Volume 36 Issue 3 March 1986
Anglo-Saxon art gave way to Romanesque under the Conqueror and his successors, but the change was more gradual and less one-sided than the political changes might lead us to suppose.
Ann Hills on a new pictoral, archival map for a historic Dorset parish
John D. Hargreaves discusses cultural reconstruction and its political implications.
'Rude, rough and lawless' was one view of the women and children employed on the land in Victorian England. But was theirs a harsher fate than work in the factory system?
Paul Kennedy marks A.J.P. Taylor's 80th birthday this month by charting the tensions in the man and his writing - between views of history as 'accident' and 'grand design'.
Sarah Jane Checkland visits a 15th-century Wiltshire Manor House.
A history of wasted opportunity – prejudice, procrastination and fears of a British backlash hampered attempts to give the Indian Army a native officer corps between 1919 and 1939.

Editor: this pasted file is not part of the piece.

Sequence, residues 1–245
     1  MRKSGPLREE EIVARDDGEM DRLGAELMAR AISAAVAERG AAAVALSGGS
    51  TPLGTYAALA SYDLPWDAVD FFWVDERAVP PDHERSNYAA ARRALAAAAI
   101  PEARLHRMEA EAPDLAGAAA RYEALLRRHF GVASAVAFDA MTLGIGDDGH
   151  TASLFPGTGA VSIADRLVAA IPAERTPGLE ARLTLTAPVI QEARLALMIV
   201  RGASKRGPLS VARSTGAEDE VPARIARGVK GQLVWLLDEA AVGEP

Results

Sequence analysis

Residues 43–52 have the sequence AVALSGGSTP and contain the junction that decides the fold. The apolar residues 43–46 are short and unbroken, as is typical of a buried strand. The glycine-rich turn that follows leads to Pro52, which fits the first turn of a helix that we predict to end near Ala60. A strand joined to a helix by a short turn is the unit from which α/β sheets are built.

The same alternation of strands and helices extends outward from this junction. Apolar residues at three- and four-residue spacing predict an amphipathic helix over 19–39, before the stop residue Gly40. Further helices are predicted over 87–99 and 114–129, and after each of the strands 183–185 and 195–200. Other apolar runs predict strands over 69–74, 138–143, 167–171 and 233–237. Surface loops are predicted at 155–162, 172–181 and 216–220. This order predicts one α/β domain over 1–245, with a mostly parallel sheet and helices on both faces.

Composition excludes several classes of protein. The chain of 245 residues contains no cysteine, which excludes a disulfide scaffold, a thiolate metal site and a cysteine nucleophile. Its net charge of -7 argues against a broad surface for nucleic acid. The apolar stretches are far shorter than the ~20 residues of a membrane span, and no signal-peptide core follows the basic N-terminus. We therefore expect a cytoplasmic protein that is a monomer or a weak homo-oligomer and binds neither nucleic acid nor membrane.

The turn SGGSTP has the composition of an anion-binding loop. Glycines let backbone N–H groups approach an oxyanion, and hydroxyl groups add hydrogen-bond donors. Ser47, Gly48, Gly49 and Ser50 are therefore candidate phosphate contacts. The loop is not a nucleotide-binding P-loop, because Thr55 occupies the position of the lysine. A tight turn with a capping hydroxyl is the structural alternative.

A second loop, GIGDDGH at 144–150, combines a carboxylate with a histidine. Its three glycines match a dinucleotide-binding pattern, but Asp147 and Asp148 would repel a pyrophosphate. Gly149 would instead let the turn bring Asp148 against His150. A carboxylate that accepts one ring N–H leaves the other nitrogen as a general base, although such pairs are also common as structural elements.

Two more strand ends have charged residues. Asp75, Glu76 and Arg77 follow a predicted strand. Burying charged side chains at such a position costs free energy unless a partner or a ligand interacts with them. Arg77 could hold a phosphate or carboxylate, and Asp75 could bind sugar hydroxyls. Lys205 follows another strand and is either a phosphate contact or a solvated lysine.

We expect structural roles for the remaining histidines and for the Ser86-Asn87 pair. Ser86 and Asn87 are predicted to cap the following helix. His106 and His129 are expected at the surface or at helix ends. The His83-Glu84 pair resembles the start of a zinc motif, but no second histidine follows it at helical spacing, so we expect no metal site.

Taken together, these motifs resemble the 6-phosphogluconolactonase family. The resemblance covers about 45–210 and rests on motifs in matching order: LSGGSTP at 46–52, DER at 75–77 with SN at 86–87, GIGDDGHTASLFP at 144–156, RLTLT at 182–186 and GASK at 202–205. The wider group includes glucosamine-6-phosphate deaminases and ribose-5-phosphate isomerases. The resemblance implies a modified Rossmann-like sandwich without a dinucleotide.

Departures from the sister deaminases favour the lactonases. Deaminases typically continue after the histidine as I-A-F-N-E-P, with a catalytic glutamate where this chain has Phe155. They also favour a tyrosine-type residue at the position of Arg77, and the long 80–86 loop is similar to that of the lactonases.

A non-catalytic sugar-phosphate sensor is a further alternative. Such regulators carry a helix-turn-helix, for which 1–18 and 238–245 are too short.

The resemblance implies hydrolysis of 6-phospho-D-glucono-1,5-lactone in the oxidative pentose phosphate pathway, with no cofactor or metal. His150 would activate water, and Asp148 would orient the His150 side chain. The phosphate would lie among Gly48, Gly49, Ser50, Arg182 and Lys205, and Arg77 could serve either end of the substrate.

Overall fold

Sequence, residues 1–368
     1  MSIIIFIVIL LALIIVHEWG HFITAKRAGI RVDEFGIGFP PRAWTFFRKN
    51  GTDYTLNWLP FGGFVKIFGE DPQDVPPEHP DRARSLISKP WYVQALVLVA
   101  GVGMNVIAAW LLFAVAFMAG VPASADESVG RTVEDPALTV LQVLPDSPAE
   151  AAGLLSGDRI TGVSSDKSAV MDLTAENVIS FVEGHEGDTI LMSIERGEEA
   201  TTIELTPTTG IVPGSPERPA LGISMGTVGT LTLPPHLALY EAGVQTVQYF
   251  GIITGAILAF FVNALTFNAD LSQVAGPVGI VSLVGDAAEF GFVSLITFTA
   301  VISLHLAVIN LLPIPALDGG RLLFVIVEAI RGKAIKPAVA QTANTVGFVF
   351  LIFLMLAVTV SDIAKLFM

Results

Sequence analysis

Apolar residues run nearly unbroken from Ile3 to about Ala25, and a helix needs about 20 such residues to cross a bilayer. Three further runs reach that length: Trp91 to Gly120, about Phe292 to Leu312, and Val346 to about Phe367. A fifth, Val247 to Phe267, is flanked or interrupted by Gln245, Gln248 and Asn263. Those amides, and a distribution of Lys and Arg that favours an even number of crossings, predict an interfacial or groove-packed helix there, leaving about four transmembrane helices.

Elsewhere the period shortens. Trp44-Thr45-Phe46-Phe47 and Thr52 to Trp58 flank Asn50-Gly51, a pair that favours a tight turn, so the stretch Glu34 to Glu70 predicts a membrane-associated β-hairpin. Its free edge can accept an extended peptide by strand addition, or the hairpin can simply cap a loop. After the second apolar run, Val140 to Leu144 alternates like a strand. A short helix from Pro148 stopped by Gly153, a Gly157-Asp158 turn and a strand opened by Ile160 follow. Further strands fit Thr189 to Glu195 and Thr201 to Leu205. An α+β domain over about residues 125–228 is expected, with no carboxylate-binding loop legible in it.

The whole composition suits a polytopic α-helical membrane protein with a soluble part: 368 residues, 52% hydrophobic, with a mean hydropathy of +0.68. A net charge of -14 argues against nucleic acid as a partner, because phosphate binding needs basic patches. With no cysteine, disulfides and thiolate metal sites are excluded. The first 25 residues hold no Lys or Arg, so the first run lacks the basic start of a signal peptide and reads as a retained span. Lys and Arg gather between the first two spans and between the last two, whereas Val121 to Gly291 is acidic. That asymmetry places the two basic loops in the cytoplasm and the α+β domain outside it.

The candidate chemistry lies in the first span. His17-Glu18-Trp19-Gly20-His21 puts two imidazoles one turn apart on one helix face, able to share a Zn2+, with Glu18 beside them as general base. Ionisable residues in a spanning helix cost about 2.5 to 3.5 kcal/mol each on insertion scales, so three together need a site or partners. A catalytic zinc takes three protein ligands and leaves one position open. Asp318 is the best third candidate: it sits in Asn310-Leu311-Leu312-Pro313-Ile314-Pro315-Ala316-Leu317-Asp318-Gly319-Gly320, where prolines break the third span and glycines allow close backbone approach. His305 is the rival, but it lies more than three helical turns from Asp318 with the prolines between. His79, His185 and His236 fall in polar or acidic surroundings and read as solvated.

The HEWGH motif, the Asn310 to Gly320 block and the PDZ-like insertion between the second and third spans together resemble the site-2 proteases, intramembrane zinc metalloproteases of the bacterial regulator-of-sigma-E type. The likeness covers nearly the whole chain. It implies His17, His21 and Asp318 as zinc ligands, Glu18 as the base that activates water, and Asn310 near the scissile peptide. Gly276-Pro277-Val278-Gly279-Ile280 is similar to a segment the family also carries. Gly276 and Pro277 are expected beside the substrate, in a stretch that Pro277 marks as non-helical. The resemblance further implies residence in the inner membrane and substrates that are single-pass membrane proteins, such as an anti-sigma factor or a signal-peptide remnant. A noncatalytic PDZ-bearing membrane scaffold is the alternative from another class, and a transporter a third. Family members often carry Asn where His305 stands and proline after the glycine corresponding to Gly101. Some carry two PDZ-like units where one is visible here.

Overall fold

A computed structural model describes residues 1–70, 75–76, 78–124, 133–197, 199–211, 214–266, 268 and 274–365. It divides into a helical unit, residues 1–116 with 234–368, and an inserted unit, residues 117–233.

Intellectual sharpness and an aggressive building programme marked the Norman transformation of English monasticism.
Women were evaluated principally as child bearers and child rearers in the male-orientated world of ancient Greece, but not without dignity or compassion.
Tony Aldous on a Worcestershire town whose natural resources brought the Romans there.
Was the Protestant Church of Elizabeth the catalyst for a new patriotism, based on a special sense of English destiny and divine guidance?
J.J. West explores a major Tudor courtier house near Bristol